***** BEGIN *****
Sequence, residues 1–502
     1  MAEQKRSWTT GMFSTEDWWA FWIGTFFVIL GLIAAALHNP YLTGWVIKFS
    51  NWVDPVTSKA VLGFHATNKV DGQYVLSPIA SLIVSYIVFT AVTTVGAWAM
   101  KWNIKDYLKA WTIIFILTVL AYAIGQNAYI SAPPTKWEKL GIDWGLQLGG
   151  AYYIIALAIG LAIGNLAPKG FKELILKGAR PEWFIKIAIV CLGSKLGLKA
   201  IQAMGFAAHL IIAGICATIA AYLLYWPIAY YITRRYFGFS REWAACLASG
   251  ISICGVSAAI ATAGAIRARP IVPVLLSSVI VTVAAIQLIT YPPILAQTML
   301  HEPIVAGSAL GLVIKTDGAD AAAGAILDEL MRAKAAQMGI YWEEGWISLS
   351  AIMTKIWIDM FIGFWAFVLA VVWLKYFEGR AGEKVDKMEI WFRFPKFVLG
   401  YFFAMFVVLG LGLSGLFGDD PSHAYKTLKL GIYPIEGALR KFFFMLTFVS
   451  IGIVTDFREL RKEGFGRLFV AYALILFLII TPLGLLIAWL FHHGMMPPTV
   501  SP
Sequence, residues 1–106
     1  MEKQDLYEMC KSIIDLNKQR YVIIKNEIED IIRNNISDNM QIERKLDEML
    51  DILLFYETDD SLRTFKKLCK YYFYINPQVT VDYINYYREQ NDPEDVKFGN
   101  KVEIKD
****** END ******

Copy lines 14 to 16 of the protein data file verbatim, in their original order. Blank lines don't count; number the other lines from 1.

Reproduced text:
     1  MEKQDLYEMC KSIIDLNKQR YVIIKNEIED IIRNNISDNM QIERKLDEML
    51  DILLFYETDD SLRTFKKLCK YYFYINPQVT VDYINYYREQ NDPEDVKFGN
   101  KVEIKD